On a recent trip to Singapore, after the day’s discussion about how best to stop deforestation in Southeast Asia had ceased and the jet-lag was just beginning to take a hold of me, I hopped into bed to fall asleep. Or probably more accurately, I collapsed into bed. I turned on the television and what I saw on the screen was surprising. Read More
March 4th, 2015
November 18th, 2014
Today and tomorrow, the lame duck House of Representatives will vote on two disingenuous bills that would prevent the EPA from using the best available science to protect human health and the environment.
October 30th, 2014
Ever think that your rural backyard could face air pollution levels in excess of 100 times EPA health standards? Jeff and Rhonda Locker of Wyoming didn’t think so either. But a new peer-reviewed study out in Environmental Health today suggests that such spikes in air pollution in your backyard are possible if you live next to an oil and gas facility. Read More
June 4th, 2014
Today the EPA’s chartered Clean Air Scientific Advisory Committee (CASAC) agreed on a recommendation to Administrator McCarthy regarding an update to the ambient air pollution standard for ozone (To get up to speed on the ozone standard update process, see my previous post on the topic). The deliberation of the committee and the Ozone Review Panel exemplified the challenges of translating science to policy and it was clear that the scientific experts on the panel had differing opinions on how this should be done. Read More
April 3rd, 2014
March 26th, 2014
This week the EPA’s Clean Air Science Advisory Committee (CASAC) meets to discuss the science behind the national air pollution standard for ozone. The independent committee, which is comprised of air pollution and public health experts from a variety of institutions outside of the EPA, meets regularly to discuss the science on air pollution and health and to make recommendations to EPA on its air pollution rules. But this meeting in particular has greater interest from scientists, industry, and the public. Read More
with Daniel Tormey, Ph.D., P.G.; Technical Director, Cardno ENTRIX
Los Angeles, California
September 26th, 2013
If you’ve been following the discussion of pollution risks around the unconventional oil and gas development that has been enabled by hydraulic fracturing and other technologies, then you’ve probably heard a lot about water contamination risks. These risks are certainly worth discussing, but discussion of air pollution risks also deserves some attention. We want to take the time to talk about air quality concerns—not just because this is where Gretchen’s past interests lie—but also because current research suggests there may be real risks from air pollution near oil and gas activities. Read More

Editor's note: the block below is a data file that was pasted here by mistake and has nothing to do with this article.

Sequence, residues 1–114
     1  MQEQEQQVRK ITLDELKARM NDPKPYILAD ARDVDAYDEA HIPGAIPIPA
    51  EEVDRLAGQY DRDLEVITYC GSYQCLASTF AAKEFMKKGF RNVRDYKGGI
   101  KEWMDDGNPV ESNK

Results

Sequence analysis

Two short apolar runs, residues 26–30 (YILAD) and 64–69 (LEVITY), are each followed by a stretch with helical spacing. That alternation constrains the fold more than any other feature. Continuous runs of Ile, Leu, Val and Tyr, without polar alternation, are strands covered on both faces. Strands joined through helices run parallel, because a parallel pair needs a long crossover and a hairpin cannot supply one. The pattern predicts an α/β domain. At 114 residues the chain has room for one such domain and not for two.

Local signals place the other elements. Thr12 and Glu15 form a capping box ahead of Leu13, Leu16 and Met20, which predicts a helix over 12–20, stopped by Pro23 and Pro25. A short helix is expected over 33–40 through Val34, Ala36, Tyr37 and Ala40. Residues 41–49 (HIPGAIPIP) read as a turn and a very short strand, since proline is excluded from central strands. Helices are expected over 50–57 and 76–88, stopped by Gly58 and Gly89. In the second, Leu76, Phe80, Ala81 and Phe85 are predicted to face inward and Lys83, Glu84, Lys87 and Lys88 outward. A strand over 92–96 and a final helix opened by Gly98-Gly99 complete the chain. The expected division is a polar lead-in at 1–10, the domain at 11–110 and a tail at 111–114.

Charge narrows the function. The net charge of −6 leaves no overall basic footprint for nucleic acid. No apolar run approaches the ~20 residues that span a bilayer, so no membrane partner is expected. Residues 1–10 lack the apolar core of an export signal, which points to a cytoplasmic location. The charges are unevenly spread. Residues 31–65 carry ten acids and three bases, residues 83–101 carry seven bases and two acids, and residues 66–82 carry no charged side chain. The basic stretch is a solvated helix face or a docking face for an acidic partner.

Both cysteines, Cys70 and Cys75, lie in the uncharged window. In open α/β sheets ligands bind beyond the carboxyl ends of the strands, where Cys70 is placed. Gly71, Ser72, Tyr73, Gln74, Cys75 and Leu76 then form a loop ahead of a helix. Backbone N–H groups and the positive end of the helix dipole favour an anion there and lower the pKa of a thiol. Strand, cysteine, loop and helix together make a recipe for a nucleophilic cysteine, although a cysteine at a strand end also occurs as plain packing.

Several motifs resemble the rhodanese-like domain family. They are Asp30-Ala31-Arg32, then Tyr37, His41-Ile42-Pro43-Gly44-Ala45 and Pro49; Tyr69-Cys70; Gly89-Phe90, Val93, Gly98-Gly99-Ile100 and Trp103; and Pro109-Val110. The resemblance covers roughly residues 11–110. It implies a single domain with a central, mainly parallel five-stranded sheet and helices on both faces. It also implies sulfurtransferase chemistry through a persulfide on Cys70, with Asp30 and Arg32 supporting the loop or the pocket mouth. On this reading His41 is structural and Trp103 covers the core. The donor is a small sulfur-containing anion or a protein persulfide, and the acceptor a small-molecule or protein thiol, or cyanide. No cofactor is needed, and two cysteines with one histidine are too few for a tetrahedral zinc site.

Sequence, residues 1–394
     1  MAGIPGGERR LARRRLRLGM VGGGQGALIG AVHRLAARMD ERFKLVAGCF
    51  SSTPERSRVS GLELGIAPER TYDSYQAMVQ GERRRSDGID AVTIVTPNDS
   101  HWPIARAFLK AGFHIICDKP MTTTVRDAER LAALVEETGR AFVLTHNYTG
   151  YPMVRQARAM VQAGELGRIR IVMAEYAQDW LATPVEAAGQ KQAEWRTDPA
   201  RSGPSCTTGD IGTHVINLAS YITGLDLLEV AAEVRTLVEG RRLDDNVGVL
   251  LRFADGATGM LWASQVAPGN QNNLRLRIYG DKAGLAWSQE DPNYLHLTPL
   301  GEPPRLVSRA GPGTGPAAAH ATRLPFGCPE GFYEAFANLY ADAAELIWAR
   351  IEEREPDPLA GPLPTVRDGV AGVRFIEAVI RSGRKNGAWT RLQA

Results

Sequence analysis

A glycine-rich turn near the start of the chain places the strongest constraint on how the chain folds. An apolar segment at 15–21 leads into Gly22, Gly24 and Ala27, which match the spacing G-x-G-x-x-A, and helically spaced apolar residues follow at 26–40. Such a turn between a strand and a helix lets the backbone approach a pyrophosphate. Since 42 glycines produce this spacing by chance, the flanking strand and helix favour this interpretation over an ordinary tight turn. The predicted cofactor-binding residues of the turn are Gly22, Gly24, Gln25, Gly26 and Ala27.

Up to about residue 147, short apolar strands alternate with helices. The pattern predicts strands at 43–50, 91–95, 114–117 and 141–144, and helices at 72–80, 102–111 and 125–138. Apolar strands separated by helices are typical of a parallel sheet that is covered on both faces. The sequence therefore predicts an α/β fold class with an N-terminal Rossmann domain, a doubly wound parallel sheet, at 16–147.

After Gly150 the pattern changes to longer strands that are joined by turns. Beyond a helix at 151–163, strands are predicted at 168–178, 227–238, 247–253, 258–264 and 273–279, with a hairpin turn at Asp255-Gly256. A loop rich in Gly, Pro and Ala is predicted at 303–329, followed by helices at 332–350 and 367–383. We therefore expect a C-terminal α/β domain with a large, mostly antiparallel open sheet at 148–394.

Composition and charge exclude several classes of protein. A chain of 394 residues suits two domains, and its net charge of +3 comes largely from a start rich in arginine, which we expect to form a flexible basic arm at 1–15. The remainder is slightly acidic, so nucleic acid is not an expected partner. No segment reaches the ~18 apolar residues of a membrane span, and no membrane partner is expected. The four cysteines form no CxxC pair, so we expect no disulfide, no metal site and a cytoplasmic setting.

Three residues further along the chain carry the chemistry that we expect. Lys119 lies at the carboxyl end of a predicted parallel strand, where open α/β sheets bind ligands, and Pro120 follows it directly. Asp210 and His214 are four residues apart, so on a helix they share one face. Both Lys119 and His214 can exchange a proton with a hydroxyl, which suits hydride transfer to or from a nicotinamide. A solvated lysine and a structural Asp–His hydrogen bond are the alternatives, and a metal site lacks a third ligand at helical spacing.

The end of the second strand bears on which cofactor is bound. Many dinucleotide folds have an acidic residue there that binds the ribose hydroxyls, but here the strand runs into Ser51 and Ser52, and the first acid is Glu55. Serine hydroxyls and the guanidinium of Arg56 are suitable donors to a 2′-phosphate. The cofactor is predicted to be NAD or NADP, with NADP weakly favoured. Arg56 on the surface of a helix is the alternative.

September 5th, 2013
Rep. Lamar Smith, Chairman of the House Science Committee seems to be implying that unless the raw data from two major studies are made available to him and his colleagues, that the science used by the EPA in crafting some air quality regulations is secret. The Center for Science and Democracy at UCS was formed to advance the role of science and scientific evidence in public policy. So should we be supporting Chairman Smith’s demand, which he has backed up by a subpoena? Read More
August 29th, 2013
To a scientist, having new data to study is like a child having a new candy store to explore. With the EPA’s release of new air pollution rules, I’ve just learned of the Willy Wonka Factory of data in my field of study. The rules require new air quality monitors near major roadways in US cities. The new data will ultimately help us better protect from harmful air pollutants the millions of Americans who live, work, and play close to major roads.
June 26th, 2013
Over the last two weeks, large numbers of fires have broken out on the Indonesian island of Sumatra, and once again this has led to massive air pollution, carried to neighboring countries such as Singapore and Malaysia. This time, however, people could see not only the choking, dangerous “haze,” but also the locations of the fires, including which ones were on lands used by companies to produce palm, oil, pulpwood, timber, and other commodities. GIS technology and publicly available data, rapidly analyzed by scientists, brought a transparency to the issue that is so sorely lacking in the air over Singapore.